Why Talk Radio Is the Best Format for Dental Marketing

Why Talk Radio Is the Best Format for Dental AdvertisingI sold talk radio for years, so I have to admit that I have a soft spot for it. But it’s the closest thing to perfect for a dentist who’s marketing a high-end service or product.

Ok, I know it has flaws.

For one, its audience can be too old. Don’t get me wrong – seniors make great patients, and I certainly want to reach them – just not only them.

Before you set your sights on a “talker,” make sure that the 65+ audience is not all they have. A mostly-seniors audience is too limiting, and probably won’t give you the return you’re looking for unless you’re selling a senior-focused product, like dentures.

Another potential weakness with talk is that it typically draws an audience that is 55% male. This totally flies in the face of the conventional dental marketing mantra – “always market to women.” Like all generalizations, marketing to women makes sense to a point. There’s no denying that women make more dental decisions for the family than men do.

I’m certainly not going to advocate sports-talk with its 85%-male audience.

But conventional thinking gets you conventional results. Think outside the box. The stations that attract female audiences are disproportionately expensive and attract all the other dental advertisers. The station bragging about their audience of women between the ages of 25-54 will probably be the most expensive station in the market.

Besides, you shouldn’t be overly concerned about “family” dental decisions because you shouldn’t be using radio to advertise for general dentistry anyway. There are much better tools for that (like direct mail, for instance). Radio is better suited for targeted campaigns to sell high-dollar dental services.

Despite the flaws I’ve mentioned, talk radio is still one of the first formats I look to in most markets. The demographic is perfect, hitting squarely in the 35-64 age group, with particularly high household income levels. These people have the two things you’re looking for: the need for your services and the cash or credit to pay for it.

Talk radio also has the advantage of being a foreground format – people who listen to talk are actually listening, not using the sound for ambiance or background noise.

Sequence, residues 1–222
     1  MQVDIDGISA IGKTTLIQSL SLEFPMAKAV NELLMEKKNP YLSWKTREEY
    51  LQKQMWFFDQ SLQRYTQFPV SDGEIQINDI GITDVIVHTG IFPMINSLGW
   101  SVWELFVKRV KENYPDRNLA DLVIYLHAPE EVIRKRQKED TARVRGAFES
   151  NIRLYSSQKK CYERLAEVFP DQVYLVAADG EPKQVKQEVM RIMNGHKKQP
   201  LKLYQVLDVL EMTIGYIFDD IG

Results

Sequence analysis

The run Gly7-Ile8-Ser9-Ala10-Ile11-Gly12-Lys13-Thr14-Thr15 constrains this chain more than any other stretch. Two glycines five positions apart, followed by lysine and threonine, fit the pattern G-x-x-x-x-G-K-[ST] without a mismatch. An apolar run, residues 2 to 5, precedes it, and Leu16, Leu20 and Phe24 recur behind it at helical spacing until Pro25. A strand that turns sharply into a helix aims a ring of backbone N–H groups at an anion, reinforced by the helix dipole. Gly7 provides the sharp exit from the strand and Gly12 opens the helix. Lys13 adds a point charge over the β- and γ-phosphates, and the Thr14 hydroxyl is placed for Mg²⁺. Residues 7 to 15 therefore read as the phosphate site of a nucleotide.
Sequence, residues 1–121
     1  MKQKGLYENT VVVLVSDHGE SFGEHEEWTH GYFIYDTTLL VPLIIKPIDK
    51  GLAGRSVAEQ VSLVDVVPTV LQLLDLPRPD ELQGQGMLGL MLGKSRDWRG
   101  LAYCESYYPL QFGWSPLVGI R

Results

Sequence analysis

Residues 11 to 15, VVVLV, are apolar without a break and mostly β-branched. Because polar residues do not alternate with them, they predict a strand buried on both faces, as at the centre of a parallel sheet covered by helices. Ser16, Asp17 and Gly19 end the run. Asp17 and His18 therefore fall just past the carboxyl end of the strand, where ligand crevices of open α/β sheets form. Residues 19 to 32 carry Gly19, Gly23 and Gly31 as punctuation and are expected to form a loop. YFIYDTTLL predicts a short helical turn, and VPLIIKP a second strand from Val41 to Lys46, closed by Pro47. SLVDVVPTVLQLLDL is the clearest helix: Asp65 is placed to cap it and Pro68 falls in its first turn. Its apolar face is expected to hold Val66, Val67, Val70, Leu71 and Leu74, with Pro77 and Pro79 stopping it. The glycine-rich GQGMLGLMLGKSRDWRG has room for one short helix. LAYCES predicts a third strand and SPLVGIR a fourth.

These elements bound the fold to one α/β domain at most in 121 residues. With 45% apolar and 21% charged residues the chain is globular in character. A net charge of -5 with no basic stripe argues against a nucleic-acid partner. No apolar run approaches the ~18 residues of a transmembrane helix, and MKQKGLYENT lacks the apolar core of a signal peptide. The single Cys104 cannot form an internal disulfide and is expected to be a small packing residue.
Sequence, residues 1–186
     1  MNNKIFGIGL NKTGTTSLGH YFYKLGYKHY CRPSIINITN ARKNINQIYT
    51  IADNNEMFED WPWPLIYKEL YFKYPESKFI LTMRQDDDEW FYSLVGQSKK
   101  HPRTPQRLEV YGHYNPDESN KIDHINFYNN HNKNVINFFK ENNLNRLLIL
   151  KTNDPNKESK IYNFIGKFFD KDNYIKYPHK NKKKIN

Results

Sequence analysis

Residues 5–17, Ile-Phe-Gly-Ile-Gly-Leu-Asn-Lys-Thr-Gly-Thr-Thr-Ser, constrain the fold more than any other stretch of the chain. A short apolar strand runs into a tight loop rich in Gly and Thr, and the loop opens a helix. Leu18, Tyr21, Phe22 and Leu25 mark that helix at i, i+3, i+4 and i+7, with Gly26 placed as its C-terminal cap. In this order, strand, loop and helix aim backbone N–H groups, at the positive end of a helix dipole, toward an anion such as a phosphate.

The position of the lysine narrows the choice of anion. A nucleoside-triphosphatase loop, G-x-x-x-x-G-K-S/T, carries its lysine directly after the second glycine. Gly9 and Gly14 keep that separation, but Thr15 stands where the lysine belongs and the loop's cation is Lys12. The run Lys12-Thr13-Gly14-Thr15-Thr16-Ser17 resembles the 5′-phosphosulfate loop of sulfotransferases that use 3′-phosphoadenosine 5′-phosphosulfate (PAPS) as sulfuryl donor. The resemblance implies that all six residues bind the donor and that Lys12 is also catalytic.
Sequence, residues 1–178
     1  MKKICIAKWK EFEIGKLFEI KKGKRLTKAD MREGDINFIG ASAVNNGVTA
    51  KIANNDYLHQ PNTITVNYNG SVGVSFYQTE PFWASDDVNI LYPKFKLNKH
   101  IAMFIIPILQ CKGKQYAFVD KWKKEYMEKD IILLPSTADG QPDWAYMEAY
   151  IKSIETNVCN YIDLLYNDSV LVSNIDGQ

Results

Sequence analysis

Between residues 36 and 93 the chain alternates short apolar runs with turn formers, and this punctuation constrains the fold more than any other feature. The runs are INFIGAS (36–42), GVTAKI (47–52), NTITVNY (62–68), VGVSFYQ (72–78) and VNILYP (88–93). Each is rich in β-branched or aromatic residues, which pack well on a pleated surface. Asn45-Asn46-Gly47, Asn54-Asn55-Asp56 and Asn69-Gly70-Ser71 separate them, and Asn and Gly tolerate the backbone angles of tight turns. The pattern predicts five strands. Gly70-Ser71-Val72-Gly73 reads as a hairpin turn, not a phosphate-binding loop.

Talk stations aren’t padding their audience numbers with “listeners” who just have the station on in the office or retail business, but aren’t paying any attention to it. Radio professionals refer to talk fans as “active listeners” because they are paying attention to the content, and are more likely to pay attention to the commercials too.

Talk listeners don’t flip around during commercials either. They are emotionally and intellectually invested in the programs they listen to, and each show is relatively unique. For example, Rush Limbaugh is only on one station in every market.

If you’re a Dittohead, you’re not flipping stations when he takes a break.

Music listeners flip all the time, especially if the station they are listening to doesn’t have an exclusive format. If you’re a country music fan, you can flip back and forth between the two country stations and miss most of the commercials. That’s no good for advertisers.

Marketing is all about efficiency. In most instances, talk will be your most efficient radio option.

Ed Ridgway has executed marketing campaigns for hundreds of businesses in the U.S. and Canada. He is nationally recognized for his ongoing campaigns with many of the top dental practices across the country.

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